00404288  pop      esi                     // restores 'esi' register
00404289  mov      dword ptr fs:[0],ecx    // restores previous
                                           // exception handler frame
00404290  pop      ebx
00404291  mov      esp,ebp                 // removes stack frame
00404293  pop      ebp                     // restores 'ebp' register
00404294  ret      0Ch                     // removes 12 bytes from
                                           // the stack on return!!!

You've learned that a member procedure is being passed and extra parameter representing the pointer to the object for which the method is called. Now, you find that a member function is given one more parameter representing the address where the return value needs to be stored. Unfortunately, it is given as the last parameter (first pushed onto the stack, before your defined parameters), This complicates the situation greatly. How can such an implementation of a member function be replaced while handling the return value accurately? See for yourself:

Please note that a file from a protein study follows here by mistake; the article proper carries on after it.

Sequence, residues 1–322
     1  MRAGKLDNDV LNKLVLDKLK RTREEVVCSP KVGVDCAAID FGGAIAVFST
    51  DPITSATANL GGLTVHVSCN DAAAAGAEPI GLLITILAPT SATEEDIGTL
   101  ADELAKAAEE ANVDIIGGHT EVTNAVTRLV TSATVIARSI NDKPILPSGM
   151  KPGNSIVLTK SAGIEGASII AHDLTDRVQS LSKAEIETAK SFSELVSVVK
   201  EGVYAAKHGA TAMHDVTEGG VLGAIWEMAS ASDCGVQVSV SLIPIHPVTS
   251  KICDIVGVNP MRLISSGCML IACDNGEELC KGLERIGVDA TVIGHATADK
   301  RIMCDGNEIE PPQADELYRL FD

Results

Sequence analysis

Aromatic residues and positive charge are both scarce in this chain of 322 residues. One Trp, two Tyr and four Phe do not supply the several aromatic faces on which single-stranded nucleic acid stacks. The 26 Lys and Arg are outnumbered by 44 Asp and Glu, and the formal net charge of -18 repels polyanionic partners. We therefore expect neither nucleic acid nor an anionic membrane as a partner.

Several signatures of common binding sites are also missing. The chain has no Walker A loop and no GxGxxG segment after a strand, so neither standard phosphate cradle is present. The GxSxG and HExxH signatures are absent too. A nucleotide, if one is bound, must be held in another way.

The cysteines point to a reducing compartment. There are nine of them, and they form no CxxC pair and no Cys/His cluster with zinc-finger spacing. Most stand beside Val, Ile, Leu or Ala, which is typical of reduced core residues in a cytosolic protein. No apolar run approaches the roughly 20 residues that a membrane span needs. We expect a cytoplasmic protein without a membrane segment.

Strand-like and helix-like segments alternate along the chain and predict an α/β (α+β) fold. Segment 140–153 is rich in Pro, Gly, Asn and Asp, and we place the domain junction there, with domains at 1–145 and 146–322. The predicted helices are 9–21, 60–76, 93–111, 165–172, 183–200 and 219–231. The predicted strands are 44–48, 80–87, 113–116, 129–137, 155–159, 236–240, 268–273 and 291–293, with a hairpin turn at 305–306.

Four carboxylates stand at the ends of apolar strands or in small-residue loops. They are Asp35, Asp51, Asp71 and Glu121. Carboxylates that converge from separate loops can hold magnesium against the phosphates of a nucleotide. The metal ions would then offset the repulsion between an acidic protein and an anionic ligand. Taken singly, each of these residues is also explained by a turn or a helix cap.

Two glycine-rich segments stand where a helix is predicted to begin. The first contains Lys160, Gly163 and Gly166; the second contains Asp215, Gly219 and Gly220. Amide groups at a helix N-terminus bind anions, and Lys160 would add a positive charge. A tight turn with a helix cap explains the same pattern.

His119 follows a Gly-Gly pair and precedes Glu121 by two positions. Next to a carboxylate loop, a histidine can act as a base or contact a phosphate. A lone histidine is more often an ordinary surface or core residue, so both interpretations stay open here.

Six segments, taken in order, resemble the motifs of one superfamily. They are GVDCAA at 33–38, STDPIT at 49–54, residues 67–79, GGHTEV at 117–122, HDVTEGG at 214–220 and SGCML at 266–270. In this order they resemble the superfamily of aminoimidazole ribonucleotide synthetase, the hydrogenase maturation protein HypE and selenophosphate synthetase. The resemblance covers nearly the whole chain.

VERSION 1.0 CLASS
Attribute VB_Name = "StubFctCall"
'Replaces address of MemberFunction with given address at which
'should reside a function using
'__stdcall calling convention and accepts 3 parameters of type Long;
'restores the original address
'of MemberFunction when given address is 0
Private Sub ReplaceMemberWithGlobal(ByVal fnAddress As Long)
   Dim pVFT As Long
   CopyMemory pVFT, ByVal ObjPtr(Me), 4    'get the VFT address
   Static oldAddress As Long               'static variable which